Meanwhile there are two main forms of vitamin D found in food and supplements – D2 (ergocalciferol) and D3 (cholecalciferol). Vitamin D3 is the type that your skin makes when it’s exposed to sunlight – it’s also the type in supplements most nutritional therapists recommend because studies have shown D3 is more effective at raising the vitamin D in your blood than D2 (v).
 

How important is vitamin K?


Also a fat-soluble vitamin, vitamin K is best known for its role in blood clotting. In more recent years, however, scientists have also discovered vitamin K is needed for making important bone proteins such as osteocalcin, which helps maintain bone strength.
 
There are two main types of vitamin K found in foods and supplements (a third, vitamin K3, is man-made and not suitable for humans). Vitamin K1 is the type that helps with blood clotting. But when it comes to bone health, vitamin K2 is considered the more important of the two (though experts claim not getting enough of both types may be bad for your bones (vi)). 
 

What is the recommended daily intake of vitamin K?


According to the NHS, adults need approximately one microgram of vitamin K a day for each kilogram of their body weight (vii). You can find it in a range of foods, but besides your diet there are a few more reasons why you may have low vitamin K levels, including:

  • You’re taking antibiotics that can affect the absorption of vitamin K in the body 

  • You have a health condition that affects your ability to absorb nutrients (for example coeliac disease, ulcerative colitis or cystic fibrosis)

  • You’re older (ageing can affect the absorption of vitamin K)

  • You have frequent gastrointestinal infections (this too affects your vitamin K absorption)

  • You’ve had bariatric surgery


Find out more about vitamin K and its role in promoting bone health in our guide Bone health: the importance of vitamin K.
 

What does the science say?


Nowadays it’s thought that calcium, vitamin D and vitamin K all work together. You could say they’re a team that helps keep your bones strong:
 

  • Calcium gives your bones strength

  • Vitamin D helps your body absorb calcium

  • Finally, vitamin K helps the absorbed calcium get into your teeth and bones rather than accumulating in soft tissues where it can cause problems such as heart and kidney disease

 
The role calcium and vitamin D play in bone health is already well established, with experts confirming that a chronic or severe vitamin D deficiency can lead to hypocalcaemia (low calcium levels in the blood) (viii). Meanwhile some of the studies that present positive cases for calcium, vitamin D and vitamin K in supporting bone health and preventing fractures and osteoporosis include the following:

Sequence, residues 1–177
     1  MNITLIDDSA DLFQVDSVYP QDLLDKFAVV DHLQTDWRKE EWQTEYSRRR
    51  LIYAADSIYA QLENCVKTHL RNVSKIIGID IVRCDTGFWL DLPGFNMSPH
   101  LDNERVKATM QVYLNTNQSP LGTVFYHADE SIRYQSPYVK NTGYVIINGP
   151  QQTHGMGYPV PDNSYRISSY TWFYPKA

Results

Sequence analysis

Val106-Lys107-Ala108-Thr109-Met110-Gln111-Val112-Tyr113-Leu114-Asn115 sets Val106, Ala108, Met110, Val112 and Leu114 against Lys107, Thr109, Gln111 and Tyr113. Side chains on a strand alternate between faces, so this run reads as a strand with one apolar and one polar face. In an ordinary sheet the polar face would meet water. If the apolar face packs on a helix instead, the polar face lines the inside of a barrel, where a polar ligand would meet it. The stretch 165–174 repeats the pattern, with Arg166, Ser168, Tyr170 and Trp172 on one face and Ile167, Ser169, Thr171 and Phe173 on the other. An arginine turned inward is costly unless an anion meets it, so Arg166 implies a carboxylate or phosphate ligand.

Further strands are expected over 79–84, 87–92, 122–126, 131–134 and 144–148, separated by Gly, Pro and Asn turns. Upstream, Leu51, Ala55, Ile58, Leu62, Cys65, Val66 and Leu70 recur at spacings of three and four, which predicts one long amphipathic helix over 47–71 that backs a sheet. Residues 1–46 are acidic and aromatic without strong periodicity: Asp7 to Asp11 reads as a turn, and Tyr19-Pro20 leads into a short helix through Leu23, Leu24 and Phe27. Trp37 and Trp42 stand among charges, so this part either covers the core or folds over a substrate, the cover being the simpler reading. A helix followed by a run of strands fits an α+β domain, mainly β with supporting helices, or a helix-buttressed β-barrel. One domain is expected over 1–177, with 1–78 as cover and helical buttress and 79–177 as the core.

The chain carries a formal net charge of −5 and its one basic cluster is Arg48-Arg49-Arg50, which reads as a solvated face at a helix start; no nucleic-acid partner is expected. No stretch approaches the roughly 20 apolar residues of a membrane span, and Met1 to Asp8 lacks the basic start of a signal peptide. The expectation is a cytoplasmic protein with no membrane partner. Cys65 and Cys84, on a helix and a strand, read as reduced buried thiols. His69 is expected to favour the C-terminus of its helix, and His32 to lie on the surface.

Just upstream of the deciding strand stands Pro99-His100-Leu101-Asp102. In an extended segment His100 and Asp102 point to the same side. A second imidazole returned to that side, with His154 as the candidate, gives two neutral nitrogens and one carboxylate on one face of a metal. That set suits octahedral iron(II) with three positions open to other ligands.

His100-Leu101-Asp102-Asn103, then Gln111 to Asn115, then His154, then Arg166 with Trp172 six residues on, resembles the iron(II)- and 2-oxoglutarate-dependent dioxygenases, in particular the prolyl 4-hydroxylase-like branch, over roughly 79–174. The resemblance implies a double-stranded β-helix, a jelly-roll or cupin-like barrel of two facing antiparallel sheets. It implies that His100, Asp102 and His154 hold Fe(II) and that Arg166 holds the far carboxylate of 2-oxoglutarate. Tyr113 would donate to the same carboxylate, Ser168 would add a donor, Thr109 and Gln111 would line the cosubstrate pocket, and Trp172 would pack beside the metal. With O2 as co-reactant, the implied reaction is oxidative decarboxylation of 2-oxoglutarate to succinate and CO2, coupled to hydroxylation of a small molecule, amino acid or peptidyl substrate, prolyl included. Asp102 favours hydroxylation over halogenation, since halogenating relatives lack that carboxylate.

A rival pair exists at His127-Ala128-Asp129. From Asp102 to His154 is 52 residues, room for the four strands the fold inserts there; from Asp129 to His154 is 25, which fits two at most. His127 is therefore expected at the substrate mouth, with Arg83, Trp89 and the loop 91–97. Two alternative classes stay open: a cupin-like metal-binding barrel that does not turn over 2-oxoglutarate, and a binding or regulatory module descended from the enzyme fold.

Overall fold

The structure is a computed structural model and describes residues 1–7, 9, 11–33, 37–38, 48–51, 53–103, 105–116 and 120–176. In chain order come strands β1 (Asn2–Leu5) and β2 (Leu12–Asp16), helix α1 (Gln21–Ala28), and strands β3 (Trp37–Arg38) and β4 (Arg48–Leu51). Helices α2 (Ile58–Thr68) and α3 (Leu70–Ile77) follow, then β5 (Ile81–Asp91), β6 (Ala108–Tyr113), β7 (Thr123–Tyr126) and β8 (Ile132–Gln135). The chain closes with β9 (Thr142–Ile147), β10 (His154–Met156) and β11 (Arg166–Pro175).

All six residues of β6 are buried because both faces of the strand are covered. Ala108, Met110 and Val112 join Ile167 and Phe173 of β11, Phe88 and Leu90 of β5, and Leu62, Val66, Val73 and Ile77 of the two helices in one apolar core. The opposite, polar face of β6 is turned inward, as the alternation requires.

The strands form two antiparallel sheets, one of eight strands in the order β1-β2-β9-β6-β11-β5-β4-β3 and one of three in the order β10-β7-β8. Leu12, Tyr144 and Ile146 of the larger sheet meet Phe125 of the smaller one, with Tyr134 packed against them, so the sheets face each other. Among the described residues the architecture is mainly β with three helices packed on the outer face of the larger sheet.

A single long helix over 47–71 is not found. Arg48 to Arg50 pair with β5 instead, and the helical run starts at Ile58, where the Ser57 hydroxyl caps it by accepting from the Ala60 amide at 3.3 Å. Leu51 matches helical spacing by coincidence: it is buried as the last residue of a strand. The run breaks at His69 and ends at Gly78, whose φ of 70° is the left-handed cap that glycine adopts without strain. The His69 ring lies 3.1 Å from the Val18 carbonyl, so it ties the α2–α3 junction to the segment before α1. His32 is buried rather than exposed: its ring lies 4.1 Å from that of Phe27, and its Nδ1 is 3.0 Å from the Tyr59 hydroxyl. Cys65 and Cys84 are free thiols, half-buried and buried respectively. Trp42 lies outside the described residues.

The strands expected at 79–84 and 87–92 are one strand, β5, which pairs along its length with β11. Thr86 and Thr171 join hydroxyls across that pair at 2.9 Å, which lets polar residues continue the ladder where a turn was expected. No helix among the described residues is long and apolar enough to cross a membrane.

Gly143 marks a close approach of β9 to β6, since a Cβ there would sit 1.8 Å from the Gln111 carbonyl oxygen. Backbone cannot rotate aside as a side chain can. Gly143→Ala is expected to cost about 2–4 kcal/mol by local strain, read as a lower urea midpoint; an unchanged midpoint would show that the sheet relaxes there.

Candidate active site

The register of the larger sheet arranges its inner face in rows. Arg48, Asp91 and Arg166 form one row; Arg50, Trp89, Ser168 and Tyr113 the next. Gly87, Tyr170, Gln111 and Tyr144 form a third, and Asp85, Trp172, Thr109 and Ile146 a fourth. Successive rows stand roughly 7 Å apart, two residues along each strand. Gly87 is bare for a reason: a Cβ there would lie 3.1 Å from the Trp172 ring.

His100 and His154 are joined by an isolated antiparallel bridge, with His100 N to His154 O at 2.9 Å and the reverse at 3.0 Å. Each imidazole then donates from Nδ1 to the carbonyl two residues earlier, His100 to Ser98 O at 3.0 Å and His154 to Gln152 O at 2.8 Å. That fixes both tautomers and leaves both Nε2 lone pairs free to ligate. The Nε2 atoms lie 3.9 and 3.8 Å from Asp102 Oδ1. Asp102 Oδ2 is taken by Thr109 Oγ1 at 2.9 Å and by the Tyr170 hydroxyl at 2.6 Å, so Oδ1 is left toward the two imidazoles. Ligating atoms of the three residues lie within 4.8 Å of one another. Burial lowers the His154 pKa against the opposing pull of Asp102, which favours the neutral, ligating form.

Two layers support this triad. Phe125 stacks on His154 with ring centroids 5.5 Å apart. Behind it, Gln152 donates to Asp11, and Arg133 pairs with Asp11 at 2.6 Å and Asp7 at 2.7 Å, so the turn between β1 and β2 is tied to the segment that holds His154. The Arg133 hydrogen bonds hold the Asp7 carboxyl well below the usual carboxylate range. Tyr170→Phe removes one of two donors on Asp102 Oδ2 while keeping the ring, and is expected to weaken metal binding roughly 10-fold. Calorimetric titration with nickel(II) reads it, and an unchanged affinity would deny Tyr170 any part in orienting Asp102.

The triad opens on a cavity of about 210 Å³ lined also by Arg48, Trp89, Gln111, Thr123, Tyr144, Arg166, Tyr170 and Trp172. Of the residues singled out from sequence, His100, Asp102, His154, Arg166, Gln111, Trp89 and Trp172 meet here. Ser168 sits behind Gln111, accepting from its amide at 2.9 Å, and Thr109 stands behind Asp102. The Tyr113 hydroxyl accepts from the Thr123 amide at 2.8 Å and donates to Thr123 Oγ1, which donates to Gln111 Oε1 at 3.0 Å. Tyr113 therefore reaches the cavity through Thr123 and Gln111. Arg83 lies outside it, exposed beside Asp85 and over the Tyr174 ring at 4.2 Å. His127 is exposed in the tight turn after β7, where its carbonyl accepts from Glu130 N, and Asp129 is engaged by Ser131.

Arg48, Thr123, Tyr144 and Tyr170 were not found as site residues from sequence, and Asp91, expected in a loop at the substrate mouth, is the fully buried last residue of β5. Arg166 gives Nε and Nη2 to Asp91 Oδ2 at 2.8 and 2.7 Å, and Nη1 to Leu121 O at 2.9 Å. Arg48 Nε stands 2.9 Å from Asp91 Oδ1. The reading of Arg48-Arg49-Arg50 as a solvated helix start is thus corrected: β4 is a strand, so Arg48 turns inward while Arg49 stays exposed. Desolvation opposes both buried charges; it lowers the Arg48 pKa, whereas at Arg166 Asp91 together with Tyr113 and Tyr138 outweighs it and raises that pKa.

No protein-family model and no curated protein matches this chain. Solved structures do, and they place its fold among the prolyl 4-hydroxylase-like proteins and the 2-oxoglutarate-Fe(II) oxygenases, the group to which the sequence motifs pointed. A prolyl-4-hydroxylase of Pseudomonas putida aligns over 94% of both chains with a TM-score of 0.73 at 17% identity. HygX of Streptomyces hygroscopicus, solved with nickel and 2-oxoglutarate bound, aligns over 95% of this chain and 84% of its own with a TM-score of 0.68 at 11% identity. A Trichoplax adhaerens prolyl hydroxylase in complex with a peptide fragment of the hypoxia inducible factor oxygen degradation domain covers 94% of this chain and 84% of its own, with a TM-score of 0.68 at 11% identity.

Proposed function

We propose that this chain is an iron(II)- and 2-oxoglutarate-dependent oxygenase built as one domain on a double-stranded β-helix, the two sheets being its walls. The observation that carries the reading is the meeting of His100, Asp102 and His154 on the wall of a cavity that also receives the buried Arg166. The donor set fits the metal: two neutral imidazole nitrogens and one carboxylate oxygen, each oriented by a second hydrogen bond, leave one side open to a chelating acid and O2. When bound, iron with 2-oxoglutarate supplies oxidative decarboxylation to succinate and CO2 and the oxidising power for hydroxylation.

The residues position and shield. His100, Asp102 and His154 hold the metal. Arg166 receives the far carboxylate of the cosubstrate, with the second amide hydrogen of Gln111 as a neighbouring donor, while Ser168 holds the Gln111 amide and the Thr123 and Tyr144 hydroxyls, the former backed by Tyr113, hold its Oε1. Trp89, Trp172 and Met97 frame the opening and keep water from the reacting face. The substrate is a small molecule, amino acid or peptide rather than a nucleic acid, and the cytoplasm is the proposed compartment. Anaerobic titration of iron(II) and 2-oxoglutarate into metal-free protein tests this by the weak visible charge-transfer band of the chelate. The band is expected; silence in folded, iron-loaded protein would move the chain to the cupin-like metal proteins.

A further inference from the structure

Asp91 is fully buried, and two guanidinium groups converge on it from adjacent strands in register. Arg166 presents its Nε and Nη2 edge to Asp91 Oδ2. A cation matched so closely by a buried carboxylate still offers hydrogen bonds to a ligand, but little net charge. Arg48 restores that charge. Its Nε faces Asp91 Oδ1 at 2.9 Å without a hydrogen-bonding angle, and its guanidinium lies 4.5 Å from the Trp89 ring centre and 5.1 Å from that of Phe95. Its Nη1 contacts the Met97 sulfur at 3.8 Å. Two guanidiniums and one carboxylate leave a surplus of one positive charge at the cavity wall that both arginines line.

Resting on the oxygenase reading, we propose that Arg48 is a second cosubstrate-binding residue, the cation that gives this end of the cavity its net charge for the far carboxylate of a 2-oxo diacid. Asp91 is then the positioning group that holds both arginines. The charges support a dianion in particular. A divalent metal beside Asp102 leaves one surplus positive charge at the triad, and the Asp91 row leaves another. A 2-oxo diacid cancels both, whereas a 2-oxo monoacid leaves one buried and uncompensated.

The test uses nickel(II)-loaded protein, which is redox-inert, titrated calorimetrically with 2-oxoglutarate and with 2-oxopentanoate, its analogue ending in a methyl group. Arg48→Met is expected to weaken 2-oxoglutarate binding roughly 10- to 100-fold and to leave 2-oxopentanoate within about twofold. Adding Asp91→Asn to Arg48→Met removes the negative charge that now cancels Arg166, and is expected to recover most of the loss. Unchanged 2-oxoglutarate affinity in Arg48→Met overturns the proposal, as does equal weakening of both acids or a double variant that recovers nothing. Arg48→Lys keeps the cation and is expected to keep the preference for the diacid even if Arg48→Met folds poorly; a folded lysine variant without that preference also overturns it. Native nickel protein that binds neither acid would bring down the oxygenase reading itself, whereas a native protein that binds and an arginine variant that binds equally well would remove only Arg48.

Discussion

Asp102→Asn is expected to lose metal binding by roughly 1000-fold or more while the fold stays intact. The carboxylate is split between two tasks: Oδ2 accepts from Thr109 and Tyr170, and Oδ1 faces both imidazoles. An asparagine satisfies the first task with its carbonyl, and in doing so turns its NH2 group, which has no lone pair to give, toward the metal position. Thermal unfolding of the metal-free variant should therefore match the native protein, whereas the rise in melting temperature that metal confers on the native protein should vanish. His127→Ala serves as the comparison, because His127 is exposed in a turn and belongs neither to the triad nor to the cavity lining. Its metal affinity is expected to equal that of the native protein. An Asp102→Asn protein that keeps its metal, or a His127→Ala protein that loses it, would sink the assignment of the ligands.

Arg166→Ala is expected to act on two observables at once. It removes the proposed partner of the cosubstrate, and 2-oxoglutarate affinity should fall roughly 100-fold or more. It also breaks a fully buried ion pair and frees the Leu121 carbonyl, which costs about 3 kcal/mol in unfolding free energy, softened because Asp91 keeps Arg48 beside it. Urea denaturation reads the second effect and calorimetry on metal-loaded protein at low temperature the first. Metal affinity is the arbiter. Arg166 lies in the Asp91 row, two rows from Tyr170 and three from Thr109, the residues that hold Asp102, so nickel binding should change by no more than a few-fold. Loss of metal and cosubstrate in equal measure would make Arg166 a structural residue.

• Writing in the International Journal of Endocrinology, researchers reviewed studies on the interplay between vitamins D and K on bone health as well as cardiovascular health, and concluded taking both vitamins together as supplements may be more effective than taking either nutrient on its own (ix).

  • Researchers reviewing the combined effect of vitamin K and calcium on bone health in 10 trials involving 1,346 participants concluded that, when taken together, they have a positive effect on lumbar bone mineral density (x).

  • A study published in the journal Osteoporosis International found that adding vitamin K2 to vitamin D3 with calcium reduced the lifetime probability of at least one fracture in postmenopausal women by 25 per cent, while adding vitamin K1 to vitamin D and calcium reduced it by 20 per cent. The researchers’ conclusion? That lifetime supplementation with vitamin K, vitamin D3 and calcium is likely to reduce fractures and increase survival in postmenopausal women (xi).

  • Researchers writing in 2020 claimed supplementation with calcium and/or vitamin D is key to the management of osteoporosis, and that there’s evidence to suggest vitamin K2 supplements might improve bone quality and reduce fracture risk in people with osteoporosis (xii).

 

Food sources of calcium, vitamin D and vitamin K


For strong, healthy bones it’s essential to eat a nutritious, balanced diet that includes a wide variety of the following bone-supporting foods:
 

Calcium

 

  • Dairy foods including milk, cheese and yoghurt (goat’s milk and sheep’s milk are also good calcium sources) 

  • Calcium-fortified plant-based alternatives to milk, cheese and yoghurt

  • Calcium-fortified breakfast cereals

  • Tinned sardines, pilchards and salmon with bones

  • Broccoli, kale, spring greens and other green leafy veg (but not spinach) 

  • Bread and other products made with calcium-fortified flour

 

Vitamin D

 

  • Oily fish (eg salmon, herring, kippers, sardines, pilchards and trout)

  • Cod liver oil (do not take while pregnant)

  • Egg yolks

  • Meat and offal (eg liver)

  • Fortified plant-based milks